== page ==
Sunday, January 22, 2017

On Yemen, After Ban's Failure, Plea to Guterres, Honest Broker or One-Sided?

By Matthew Russell Lee

UNITED NATIONS,  January 6 -- While in Yemen the Houthis and ex-President Saleh's GNC both announced agreement to a ceasefire, in Riyahd exiled president Hadi indicated he did not agree. The UN on November 16 admitted to Inner City Press that Hadi did not even meet with UN envoy Ismail Ould Cheikh Ahmed.
  Now new UN Secretary General Antonio Guterres takes over Ban Ki-moon's failure. Inner City Press asked him about Yemen at his first stakeout; he said he'd be an honest broker. Will he be, more than in the UN press corps today?
 Ali Saleh has written to Guterres, see here, citing previous meeting and asking to stop the war and the killing. We'll have more on this.
On December 1, Inner City Press asked the incoming president of the UN Security Council for December, Spain, why Yemen is not even on the calendar for the month, even in the footnotes. Click here for that.
Now that exiled Hadi has rejected even the envoy's roadmap, on December 20 Inner City Press asked UK Ambassador Matthew Rycroft about Saudi Arabia's use of UK cluster bombs. Tweeted video here and hindered production note; UK transcript here: 
Inner City Press: On Yemen, now that Saudi Arabia has admitted using UK cluster bombs – it seems like the UK has acknowledged that this did happen. What’s the next step? What is the UK’s position on whether it was appropriate or not? And any further review of sales?
Amb Rycroft: Well, the UK keeps our arm sales under constant review, including to Saudi Arabia. And we make sure that very strict guidance is adhered to in how and when those weapons are used.
On December 7, Inner City Press asked Ban Ki-moon's deputy spokesman Farhan Haq, UN transcript here: 
Inner City Press: President Hadi has rejected the envoy's most recent proposal in a letter to the Security Council.  And it seems like almost everybody else, even Member States like Saudi Arabia, are, have said that they support this roadmap.  US and UK have both said it.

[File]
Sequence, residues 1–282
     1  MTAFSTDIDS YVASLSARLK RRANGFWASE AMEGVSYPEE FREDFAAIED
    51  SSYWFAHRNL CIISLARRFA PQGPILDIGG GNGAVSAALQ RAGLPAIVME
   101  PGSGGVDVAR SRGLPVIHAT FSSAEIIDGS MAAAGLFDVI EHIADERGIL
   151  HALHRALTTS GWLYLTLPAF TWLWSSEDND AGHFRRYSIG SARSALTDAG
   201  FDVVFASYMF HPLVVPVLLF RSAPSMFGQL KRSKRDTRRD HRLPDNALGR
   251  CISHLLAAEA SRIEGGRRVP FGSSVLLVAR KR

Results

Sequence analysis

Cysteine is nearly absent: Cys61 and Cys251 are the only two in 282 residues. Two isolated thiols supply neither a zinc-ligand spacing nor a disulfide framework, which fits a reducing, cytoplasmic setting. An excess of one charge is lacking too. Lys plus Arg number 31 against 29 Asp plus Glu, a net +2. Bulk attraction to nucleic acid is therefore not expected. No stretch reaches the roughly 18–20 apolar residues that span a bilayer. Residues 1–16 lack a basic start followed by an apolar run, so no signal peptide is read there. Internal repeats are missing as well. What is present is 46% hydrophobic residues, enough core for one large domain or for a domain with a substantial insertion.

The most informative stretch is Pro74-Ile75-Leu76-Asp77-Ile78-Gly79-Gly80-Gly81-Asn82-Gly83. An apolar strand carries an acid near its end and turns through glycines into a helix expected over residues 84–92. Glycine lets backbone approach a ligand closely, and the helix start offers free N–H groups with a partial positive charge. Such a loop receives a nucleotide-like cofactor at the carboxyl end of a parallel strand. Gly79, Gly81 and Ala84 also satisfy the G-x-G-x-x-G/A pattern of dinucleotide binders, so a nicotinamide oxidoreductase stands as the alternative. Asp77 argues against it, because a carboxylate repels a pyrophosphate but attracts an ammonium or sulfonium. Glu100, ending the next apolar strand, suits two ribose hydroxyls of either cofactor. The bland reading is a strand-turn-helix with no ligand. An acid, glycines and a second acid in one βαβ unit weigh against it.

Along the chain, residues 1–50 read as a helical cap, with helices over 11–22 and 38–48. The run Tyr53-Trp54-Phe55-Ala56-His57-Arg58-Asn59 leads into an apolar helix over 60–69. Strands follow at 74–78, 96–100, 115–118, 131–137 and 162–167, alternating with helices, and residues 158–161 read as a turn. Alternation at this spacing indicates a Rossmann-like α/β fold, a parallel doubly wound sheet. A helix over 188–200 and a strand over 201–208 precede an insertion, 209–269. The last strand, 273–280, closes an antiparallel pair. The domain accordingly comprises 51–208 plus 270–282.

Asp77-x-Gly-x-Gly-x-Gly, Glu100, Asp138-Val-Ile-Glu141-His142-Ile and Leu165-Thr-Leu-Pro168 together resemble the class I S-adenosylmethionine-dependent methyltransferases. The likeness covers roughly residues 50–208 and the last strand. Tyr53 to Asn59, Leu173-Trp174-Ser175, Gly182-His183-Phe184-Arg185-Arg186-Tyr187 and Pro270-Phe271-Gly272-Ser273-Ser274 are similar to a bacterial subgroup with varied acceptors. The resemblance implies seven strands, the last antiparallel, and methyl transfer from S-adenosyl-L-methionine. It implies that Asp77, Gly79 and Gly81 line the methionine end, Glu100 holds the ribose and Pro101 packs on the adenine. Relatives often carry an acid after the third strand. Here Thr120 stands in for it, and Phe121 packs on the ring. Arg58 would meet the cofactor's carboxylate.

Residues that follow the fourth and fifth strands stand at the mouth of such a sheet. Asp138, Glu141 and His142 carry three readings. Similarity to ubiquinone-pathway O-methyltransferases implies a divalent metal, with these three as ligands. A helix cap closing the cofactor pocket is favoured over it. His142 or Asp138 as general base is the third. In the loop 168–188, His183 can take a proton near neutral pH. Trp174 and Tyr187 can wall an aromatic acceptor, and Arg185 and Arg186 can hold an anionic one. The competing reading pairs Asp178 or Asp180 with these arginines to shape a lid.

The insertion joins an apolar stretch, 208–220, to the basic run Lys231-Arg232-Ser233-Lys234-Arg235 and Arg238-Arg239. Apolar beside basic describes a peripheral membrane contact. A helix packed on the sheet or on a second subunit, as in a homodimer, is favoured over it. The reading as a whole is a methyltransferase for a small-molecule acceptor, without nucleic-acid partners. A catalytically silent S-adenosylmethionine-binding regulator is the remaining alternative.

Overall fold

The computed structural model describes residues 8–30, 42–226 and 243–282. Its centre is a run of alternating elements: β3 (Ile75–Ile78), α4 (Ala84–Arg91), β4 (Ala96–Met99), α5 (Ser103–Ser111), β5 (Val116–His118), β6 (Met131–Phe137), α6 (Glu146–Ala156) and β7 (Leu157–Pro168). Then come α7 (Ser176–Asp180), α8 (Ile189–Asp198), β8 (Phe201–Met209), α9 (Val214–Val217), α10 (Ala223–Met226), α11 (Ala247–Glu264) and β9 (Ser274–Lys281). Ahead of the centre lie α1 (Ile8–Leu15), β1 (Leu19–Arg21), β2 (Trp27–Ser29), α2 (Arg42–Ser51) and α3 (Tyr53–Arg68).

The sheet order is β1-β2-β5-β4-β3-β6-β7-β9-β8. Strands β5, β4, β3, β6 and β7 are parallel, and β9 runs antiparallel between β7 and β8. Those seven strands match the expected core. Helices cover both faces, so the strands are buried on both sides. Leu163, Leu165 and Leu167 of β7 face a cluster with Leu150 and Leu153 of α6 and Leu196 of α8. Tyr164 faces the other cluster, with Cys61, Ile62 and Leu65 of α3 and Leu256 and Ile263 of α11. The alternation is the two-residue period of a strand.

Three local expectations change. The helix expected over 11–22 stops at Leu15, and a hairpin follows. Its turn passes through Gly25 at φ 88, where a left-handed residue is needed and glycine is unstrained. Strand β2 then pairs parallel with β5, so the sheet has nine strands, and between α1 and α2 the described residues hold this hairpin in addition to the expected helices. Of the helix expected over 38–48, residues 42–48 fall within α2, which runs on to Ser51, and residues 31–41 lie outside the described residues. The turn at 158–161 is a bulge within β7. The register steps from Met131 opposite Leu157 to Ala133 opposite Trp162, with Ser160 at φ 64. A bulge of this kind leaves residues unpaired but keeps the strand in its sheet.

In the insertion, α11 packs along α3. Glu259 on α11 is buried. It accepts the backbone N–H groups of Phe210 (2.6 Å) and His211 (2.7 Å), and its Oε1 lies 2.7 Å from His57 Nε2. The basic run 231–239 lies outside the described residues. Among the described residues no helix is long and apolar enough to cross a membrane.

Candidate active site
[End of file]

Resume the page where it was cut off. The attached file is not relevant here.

In the same way that it was presented at one time in Syria, that the blockage here seems to be an individual as opposed to, like… does the Secretary-General stand behind the roadmap?  And does he intend to speak to President Hadi about the… the continuing bombing that will take place if he, in fact, rejects this roadmap?

Deputy Spokesman:  The Secretary-General continues to support the work of his Special Envoy, Ismail Ould Cheikh Ahmed, and of the roadmap that Mr. Ould Cheikh Ahmed is presenting to parties.

We're aware of the remarks from President Hadi's side.  And, of course, we're aware from past experiences with many diplomatic processes that many times things are said that could be interpreted as a way to influence or shape a process of negotiations as it proceeds.

Mr. Ould Cheikh Ahmed has been in touch with the parties.  He will continue to be in touch with the parties, and he will continue to work to make sure that all sides agree to a roadmap out of this crisis.

ICP Question:  I know the Secretary-General met with President Hadi, I guess, in September.  I saw their meeting upstairs.  But has he spoken to him since, since September?

Deputy Spokesman:  I believe he's been in contact with different officials in Yemen.  And, of course, Ismail Ould Cheikh Ahmed met President Hadi very recently, just about a week or so ago, I think.